Federal Energy Expert Backing Distributed Generation | KCET
Federal Energy Expert Backing Distributed Generation
The Chairman of the Federal Energy Regulatory Commission (FERC) says that the nations' electrical future may well belong to distributed generation such as rooftop solar rather than central power stations and generators far from demand, such as public lands solar and wind.
FERC Chairman Jon Wellinghof made the remarks yesterday at a media event at the National Press Club in Washington, D.C. "It's going to be a race between the two types of renewable resources," Wellinghof said at the event, hosted by The Energy Daily. "Right now, I'd put my money on distributed resources."
Wellinghof pointed out that distributed generation, largely in the form of photovoltaic panel installations, accounts for several gigawatts nationwide of new power generating capacity installed in 2011 alone, and that installations are climbing by 40% a year. "If that keeps accelerating," Wellinghof told Jonathan Crawford at SNL Energy Company Research, "then that's going to diminish the amount of central station-type renewables we need, and diminish the amount of transmission we need."
Reducing the country's dependence on centralized power generation and transmission is a bit of a hot button issue for Wellinghof, who has repeatedly criticized the vulnerability of the grid he oversees to sabotage and terrorist attack. Zack Colman at The Hill reports that the grid's cybersecurity was on Wellinghof's mind at the National Press Club event. "Nobody has adequate authority with respect to both the electric and the gas infrastructure in this country regarding known vulnerabilities," Colman quotes Wellinghoff as saying. "If I had a cyber threat that was revealed to me in a letter tomorrow, there is little I could do the next day to ensure that that threat was mitigated effectively by the utilities that were targeted."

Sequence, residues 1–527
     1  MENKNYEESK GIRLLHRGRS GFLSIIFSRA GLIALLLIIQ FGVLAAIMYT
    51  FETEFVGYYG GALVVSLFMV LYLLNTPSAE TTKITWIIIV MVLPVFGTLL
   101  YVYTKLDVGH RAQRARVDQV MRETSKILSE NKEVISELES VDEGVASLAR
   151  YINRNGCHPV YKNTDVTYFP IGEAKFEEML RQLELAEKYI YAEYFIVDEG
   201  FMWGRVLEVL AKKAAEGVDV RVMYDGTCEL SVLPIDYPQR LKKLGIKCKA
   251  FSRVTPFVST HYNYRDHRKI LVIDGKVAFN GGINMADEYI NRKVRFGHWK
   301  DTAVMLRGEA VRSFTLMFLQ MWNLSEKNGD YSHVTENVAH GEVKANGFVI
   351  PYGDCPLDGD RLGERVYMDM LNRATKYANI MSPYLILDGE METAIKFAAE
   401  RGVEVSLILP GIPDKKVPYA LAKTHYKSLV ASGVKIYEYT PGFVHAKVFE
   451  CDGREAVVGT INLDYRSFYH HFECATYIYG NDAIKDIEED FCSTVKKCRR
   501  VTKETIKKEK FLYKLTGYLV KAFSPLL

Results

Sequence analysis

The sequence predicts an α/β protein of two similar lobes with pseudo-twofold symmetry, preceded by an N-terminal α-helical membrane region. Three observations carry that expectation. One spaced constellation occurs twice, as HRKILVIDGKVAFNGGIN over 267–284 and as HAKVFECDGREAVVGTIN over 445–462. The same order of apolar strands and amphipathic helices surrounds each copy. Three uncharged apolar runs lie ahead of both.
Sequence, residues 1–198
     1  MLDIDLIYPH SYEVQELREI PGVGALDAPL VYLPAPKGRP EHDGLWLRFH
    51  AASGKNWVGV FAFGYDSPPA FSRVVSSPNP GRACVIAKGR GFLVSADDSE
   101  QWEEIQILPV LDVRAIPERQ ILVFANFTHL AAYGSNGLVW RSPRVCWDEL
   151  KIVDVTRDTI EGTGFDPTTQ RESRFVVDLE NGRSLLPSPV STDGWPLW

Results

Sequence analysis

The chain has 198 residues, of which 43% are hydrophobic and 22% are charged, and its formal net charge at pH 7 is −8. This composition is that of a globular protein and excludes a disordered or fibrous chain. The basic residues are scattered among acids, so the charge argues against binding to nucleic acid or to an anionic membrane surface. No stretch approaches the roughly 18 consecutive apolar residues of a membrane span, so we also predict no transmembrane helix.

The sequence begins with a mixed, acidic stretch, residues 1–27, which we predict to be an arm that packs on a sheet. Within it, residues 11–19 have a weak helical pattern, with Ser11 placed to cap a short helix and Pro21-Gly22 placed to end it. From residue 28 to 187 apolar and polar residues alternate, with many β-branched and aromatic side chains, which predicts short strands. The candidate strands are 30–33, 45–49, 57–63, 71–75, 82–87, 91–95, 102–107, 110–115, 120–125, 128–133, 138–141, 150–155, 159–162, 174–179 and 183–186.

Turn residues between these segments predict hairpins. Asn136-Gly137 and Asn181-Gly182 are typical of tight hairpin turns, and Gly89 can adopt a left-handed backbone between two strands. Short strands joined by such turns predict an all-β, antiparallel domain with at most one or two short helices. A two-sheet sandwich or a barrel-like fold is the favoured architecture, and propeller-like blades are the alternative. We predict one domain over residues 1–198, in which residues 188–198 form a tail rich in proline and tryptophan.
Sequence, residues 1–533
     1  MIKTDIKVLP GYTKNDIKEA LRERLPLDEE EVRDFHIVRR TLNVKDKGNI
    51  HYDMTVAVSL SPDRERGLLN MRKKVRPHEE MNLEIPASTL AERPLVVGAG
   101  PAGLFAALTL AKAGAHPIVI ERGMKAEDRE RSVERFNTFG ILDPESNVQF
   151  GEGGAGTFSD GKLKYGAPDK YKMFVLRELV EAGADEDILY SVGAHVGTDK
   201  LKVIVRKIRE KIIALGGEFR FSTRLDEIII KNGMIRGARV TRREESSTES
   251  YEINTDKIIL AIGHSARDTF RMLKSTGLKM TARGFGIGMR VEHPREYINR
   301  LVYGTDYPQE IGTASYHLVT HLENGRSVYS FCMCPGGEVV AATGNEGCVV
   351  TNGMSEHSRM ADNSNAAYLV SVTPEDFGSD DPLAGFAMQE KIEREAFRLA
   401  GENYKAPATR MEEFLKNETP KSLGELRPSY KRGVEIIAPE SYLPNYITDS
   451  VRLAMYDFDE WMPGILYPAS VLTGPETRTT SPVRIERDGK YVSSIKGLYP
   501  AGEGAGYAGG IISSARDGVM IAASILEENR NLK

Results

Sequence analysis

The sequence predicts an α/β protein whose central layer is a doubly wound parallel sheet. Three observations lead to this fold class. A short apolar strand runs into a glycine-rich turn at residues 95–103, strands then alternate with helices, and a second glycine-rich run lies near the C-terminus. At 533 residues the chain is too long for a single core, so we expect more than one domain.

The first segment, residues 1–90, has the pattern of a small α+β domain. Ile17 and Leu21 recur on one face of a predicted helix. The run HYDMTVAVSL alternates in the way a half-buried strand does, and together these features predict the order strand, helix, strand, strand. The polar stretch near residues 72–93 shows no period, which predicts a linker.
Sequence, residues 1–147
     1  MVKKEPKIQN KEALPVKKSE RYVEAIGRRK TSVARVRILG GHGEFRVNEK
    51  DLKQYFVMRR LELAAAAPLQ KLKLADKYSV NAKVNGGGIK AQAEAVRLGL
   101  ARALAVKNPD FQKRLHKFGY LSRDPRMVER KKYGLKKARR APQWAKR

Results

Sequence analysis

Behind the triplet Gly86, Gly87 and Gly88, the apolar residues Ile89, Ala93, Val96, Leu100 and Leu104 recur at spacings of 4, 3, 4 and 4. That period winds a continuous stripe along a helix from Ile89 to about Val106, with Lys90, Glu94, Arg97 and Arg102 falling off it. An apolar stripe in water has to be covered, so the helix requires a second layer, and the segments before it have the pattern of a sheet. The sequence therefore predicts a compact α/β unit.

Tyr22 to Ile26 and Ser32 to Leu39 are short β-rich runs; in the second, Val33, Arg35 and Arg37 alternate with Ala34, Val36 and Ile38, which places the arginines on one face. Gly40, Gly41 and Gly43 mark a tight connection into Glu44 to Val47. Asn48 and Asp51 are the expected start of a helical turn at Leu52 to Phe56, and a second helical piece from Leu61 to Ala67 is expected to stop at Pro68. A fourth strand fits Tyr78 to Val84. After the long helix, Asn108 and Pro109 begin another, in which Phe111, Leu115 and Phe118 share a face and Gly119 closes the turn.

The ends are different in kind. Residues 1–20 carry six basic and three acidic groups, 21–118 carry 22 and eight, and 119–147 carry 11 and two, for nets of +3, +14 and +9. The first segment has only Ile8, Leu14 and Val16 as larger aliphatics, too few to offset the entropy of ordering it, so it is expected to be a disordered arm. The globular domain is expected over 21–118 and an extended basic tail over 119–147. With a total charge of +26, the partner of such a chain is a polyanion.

Distributed generation reduces the grid's vulnerability by reducing the potential number of single points of failure that would affect wide areas, a vulnerability of which Southern Californians may well recall a recent example. The more small power sources the grid possesses, and the fewer single-link transmission lines it relies on, the more resistant it will be to disruption either accidental or deliberate.
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